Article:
If journaling, keep a journal by your nightstand so that you can jot down your thoughts, fears, and anxieties as they creep up. 

6. Talk Through Your Spiritual Beliefs

Talking to God or another higher being is different than praying. Prayer is a bit more formal, while having a conversation with the powers that be can be just like talking to an old friend. You can incorporate your talks into your walks, your shower time, or at any time you feel the urge to share what you’re feeling.

Talking to something or someone incorporeal other than yourself may help you balance your fears, as your faith and belief in something may help guide you to a more compassionate state. It’s okay to talk about everything that’s on your mind — the good and the bad. This is definitely a no-judgment zone.

7. Work in Your Garden

Digging around in dirt also serves to soothe the soul when faced with grief. There’s something about the repetitiveness of the mindless digging required of gardening that calms you. So trade in your house clothes for some gardening gear and get out to your garden to dig around for some inspiration.

Try to find some unplanted seeds in your garage, rearranging your potted plants, or putting together a small rock garden. Any of these activities will bring you a sense of calm and peace as you try to cope with your grief.

8. Deep Clean Your House

When you occupy your mind with mundane tasks like household chores, you tend to set aside for that moment all the larger things in life causing you stress and grief. The next time you clean your house, go for a deep cleaning.

This means reorganizing closets, drawers and other storage spaces, getting rid of unwanted junk, and scrubbing the floors and walls until they glean. To make your work more meaningful, try playing a calming playlist for isolation from your smartphone or computer.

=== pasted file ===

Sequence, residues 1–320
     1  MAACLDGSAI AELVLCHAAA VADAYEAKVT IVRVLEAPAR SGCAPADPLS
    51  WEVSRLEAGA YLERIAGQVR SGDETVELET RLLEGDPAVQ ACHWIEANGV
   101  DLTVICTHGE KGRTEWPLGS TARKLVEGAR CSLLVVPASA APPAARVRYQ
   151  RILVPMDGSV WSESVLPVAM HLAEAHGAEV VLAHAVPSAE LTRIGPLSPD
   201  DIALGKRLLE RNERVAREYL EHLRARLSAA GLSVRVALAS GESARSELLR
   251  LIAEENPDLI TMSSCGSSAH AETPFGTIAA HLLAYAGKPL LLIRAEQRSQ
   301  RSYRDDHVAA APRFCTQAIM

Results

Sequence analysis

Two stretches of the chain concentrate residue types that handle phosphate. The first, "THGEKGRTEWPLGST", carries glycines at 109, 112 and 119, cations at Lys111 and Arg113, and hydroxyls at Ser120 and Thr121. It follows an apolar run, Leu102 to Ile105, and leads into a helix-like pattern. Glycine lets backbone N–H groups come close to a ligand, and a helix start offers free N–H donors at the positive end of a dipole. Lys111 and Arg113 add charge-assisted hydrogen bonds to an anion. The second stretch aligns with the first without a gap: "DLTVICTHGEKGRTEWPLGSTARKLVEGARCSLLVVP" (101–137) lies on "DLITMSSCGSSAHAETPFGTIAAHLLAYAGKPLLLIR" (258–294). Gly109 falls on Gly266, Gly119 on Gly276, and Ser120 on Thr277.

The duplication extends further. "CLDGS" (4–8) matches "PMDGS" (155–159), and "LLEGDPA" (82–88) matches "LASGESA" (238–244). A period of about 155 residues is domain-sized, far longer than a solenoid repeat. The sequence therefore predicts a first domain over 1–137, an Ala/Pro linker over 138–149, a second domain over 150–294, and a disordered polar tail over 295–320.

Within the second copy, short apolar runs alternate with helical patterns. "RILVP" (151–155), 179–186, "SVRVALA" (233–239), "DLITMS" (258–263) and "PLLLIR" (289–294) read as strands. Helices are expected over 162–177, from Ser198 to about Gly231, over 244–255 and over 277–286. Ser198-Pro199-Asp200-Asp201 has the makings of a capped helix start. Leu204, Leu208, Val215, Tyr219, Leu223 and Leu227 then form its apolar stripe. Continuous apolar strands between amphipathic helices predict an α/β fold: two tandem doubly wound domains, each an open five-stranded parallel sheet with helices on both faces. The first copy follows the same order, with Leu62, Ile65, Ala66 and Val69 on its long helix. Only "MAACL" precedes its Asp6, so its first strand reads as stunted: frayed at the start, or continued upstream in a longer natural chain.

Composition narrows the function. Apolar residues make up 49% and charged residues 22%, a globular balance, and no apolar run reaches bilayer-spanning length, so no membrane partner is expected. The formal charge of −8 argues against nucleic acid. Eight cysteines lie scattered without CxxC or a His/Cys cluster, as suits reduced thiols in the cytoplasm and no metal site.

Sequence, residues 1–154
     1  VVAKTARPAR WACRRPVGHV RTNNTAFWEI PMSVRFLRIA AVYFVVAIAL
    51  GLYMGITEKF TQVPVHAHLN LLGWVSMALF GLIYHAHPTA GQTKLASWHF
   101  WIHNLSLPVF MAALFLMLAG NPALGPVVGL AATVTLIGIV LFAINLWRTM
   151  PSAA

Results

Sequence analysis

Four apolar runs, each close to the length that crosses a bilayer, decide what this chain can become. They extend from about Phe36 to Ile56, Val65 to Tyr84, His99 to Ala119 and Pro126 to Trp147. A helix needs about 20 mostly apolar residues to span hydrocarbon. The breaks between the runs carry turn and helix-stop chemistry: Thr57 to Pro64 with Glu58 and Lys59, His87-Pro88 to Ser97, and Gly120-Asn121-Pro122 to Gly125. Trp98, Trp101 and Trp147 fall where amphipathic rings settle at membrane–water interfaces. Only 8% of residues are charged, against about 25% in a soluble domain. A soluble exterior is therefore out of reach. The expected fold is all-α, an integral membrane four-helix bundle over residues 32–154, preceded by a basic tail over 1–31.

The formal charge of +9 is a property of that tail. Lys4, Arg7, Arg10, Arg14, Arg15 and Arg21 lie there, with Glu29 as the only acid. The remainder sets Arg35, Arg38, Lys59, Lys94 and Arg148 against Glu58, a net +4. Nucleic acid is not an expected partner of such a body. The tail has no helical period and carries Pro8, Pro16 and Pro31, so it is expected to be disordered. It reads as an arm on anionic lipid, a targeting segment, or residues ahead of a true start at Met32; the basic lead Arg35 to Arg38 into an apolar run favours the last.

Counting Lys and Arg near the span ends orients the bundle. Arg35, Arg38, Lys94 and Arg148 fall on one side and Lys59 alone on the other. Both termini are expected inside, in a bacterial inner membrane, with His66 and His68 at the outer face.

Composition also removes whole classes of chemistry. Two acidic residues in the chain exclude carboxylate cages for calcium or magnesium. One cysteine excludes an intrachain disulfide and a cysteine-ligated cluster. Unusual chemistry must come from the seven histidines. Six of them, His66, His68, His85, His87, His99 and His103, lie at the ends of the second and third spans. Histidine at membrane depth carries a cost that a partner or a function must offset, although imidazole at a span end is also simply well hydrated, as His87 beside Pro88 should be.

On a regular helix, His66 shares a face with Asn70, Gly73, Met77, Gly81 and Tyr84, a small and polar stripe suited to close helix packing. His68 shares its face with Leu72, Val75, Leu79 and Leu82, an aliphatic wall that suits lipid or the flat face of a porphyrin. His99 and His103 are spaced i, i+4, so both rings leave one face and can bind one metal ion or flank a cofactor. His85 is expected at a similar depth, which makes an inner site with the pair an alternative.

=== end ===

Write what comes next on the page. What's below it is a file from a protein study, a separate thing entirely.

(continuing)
9. Take a Shower

Take a long hot shower and allow the flow of water to wash over you as you release your tears, pain, and sorrow.

The flow of water represents energy in motion and has a very healing effect when you’re grieving. It may also help as a grounding technique to hear and feel the water.

10. Light a Candle

This is one of the oldest traditions across many cultures and religions. A beautiful white candle when lit may represent all that is divine, holy, and spiritual.

Light a candle in honor of your loved one as you go through your grief process.

11. Breathe

When all else fails, just remember to breathe. Take one breath at a time. This is all you need to get you through the first moments after hearing devastating news of any kind.

The more focused and centered you are on your breathing, the easier it is for you to get through this moment.  

Grieving During Quarantine

This pandemic has stripped away the customary ways of saying our last goodbyes. While we are grieving alone as our loved ones suffer, hopefully we can find some solace in knowing that we are not alone in our grief.

Everyone can come together in spirit to grieve, which may be a soothing thought. Incorporating some of the suggestions above can help you as you deal with the death of a loved one. 

Icons sourced from FlatIcon.